Saanich Chiropractor Mark Strudwick talks spine health in honour of World Spine Day on Oct. 16. (Michael Dorausch/Flicker)

Save your spine: Saanich chiropractor talks spine health for office workers

World Spine Day is on Oct. 16

If you spend the majority of your day sitting in front of a computer, you may have experienced the tell-tale signs of postural strain – colloquially known as student or office worker syndrome. Back pain, shoulder pain and a sore neck can all be indicators of spending too much time hunched over a desk.

In honour of World Spine Day on Oct. 16, Saanich chiropractor Mark Strudwick sat down to discuss spine health.

Strudwick, who has been practicing in Greater Victoria since 1998, sees folks with postural strain all the time. It started with government employees and now it’s folks from all professions and of varying ages, he noted.

READ ALSO: Saanich woman rediscovers love for husband she couldn’t remember

Sitting in a hunched position while working on a laptop or desktop for prolonged periods of time can result in pain in various parts of the spine as the neck and shoulder muscles curve. Studies show that almost half of office workers experience neck pain caused by poor posture at some point. Looking up can compensate for this as it straightens the neck and back, Strudwick explained, so moving your monitor to eye level is beneficial.

READ ALSO: Saanich teen racks up another award for redesigned spinal probe

Strudwick also recommends sitting upright with the arm, knee and hip joints at 90 degrees. Standing desks can be a good solution for back pain too, he noted.

While sitting ergonomically at work can relieve postural stress, it’s best to avoid working on a computer for any longer than you need to, so Strudwick suggests staying off computers outside of work hours if possible.

The theme for World Spine Day 2019 is “Get spine active!” Folks are encouraged to think of their spines and find ways manage back and neck pain – it can be as simple as taking a stretch break every 20 to 30 minutes at work, going for a walk or seeing a chiropractor, said Strudwick.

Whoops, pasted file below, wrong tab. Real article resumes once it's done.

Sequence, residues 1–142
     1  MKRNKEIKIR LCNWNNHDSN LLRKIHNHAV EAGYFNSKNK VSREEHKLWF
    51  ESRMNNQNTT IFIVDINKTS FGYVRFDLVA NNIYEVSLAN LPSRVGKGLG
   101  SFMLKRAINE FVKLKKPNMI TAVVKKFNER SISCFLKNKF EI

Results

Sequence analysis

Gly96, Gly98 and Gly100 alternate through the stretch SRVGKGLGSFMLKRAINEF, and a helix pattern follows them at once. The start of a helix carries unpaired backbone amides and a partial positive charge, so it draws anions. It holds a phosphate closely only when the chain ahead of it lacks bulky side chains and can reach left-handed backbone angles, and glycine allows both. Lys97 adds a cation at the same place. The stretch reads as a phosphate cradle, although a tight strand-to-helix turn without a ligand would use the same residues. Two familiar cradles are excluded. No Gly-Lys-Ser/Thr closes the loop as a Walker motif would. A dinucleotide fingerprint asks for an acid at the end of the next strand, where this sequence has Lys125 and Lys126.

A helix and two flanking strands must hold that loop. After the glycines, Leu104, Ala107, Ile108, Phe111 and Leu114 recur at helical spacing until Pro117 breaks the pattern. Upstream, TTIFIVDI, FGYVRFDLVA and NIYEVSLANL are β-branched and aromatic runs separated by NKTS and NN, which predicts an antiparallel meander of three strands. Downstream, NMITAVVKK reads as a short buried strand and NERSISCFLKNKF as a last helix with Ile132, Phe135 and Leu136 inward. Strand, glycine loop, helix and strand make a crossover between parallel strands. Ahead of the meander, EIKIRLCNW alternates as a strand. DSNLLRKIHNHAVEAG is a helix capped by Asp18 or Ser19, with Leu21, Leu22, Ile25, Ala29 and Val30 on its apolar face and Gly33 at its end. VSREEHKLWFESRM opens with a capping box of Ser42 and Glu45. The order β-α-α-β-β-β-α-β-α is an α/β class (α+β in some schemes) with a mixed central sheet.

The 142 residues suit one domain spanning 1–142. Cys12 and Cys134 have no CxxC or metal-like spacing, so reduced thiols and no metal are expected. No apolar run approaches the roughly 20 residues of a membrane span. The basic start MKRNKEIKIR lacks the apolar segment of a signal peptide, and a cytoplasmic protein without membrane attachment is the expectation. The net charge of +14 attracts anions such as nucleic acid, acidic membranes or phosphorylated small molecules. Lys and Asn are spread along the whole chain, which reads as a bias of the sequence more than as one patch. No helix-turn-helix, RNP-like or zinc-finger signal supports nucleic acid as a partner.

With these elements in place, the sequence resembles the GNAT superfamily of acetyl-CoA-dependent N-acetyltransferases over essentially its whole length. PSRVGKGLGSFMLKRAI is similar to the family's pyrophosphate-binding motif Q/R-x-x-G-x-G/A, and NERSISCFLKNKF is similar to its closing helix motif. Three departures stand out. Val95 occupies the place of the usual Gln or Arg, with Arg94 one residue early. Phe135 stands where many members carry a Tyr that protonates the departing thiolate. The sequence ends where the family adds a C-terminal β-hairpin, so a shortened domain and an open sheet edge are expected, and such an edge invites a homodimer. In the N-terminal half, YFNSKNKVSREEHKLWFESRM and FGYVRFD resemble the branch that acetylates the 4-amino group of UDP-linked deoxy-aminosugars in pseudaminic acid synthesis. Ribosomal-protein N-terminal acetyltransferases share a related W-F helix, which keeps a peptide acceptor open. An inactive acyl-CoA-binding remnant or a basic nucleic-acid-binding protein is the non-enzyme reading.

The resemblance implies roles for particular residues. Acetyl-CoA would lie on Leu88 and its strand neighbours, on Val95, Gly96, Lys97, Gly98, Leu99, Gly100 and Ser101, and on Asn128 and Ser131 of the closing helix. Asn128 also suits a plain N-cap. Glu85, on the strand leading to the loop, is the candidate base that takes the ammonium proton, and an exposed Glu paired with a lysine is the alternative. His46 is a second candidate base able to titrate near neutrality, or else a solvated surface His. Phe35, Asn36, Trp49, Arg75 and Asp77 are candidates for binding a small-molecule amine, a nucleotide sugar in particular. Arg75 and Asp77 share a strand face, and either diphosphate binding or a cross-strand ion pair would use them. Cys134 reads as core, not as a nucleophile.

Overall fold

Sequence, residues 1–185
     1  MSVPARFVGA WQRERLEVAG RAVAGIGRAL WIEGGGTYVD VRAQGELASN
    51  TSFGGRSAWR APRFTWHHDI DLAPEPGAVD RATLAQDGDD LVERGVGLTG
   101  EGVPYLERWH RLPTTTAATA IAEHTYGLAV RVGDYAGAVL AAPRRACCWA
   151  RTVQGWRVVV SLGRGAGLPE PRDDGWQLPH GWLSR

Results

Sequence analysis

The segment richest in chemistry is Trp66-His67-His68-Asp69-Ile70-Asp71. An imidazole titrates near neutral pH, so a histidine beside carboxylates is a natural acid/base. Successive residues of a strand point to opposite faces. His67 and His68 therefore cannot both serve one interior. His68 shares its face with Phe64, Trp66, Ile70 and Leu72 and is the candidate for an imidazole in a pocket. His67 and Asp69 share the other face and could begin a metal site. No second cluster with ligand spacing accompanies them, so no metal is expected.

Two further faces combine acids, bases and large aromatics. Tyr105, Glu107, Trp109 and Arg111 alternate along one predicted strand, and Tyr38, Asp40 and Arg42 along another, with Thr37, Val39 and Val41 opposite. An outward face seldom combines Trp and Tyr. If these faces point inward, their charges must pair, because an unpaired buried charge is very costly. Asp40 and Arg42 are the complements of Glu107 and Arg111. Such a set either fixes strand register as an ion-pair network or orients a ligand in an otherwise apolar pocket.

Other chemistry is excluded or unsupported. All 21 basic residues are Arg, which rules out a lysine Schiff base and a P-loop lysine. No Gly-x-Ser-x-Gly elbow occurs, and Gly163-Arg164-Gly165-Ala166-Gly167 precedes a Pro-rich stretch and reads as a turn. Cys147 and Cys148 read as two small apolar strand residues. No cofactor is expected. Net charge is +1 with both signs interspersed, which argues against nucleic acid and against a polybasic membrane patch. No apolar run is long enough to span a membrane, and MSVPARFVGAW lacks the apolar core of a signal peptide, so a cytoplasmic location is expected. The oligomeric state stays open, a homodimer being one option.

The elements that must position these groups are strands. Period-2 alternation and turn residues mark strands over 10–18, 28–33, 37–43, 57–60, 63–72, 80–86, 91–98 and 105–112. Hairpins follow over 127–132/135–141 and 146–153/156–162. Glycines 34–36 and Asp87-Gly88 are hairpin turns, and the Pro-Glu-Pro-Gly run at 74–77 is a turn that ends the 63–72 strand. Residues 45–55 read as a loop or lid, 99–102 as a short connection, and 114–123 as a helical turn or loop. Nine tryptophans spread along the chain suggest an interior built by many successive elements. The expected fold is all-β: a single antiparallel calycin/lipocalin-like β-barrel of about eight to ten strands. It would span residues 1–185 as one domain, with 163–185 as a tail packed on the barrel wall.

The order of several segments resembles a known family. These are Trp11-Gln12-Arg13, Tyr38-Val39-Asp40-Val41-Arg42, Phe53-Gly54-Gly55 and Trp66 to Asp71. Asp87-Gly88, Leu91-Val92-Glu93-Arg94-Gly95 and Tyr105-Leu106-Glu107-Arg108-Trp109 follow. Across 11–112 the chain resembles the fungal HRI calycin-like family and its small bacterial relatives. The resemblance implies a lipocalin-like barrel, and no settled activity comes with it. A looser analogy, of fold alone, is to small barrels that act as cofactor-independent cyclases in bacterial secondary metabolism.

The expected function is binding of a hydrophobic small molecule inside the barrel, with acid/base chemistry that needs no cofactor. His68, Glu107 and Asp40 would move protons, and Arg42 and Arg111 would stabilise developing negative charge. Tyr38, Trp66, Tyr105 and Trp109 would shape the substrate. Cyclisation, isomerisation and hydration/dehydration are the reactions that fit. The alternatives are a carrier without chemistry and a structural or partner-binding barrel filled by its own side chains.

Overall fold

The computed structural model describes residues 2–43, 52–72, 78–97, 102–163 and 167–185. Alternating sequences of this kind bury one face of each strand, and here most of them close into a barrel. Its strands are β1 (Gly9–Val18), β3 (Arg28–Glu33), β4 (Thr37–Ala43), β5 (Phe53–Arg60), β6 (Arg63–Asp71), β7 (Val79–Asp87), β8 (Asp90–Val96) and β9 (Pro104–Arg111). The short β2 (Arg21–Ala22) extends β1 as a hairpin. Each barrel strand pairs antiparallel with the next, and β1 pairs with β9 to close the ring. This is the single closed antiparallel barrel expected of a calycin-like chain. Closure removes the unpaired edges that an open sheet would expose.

@devonscarlett
devon.bidal@saanichnews.com

Like us on Facebook and follow us on Twitter.

Just Posted

Trees topped, greenery snatched from Saanich park

‘If everyone took one thing, there’d be nothing left,’ says president of park society

West Shore Parks and Rec offers holiday childcare alternatives

Camps available on days many daycares close

‘Norovirus-like’ outbreak interrupts Bantam hockey showcase in Greater Victoria

Several athletes were sent home, quarantined on the ferry

VIDEO: Boys help rescue Cariboo bear cub

The cub, weighing just 24lbs, has been taken to wildlife sanctuary in Northwest B.C. for the winter

Greater Victoria 2019 holiday craft fair roundup

Get a jump on your holiday shopping

B.C.-born hockey official talks to IIHF about switching European rule book to NHL rules

Rob Shick will represent NHL at 4th World Hockey Forum in Russia

Miller nets winner as Canucks edge Sabres 6-5 in OT

Roussel, Leivo tally two apiece for Vancouver

$578: that’s how much your first distracted driving ticket will cost with recent premium hikes

Over 50 per cent of Canadians admitted to using phone while driving last year, according to study

Kelowna man attempts to steal bait bike from RCMP parking lot

38-year-old Brian Richard Harbison is facing several charges

‘Things haven’t changed enough:’ Ecole Polytechnique anniversary prompts reflection

Fourteen women were fatally shot by a gunman at the Montreal school on Dec. 6, 1989

Bear raids freezer, gorges on Island family’s Christmas baking

Hungry bruin virtually ignored meat and fish, focused, instead, on the sweets

Most Read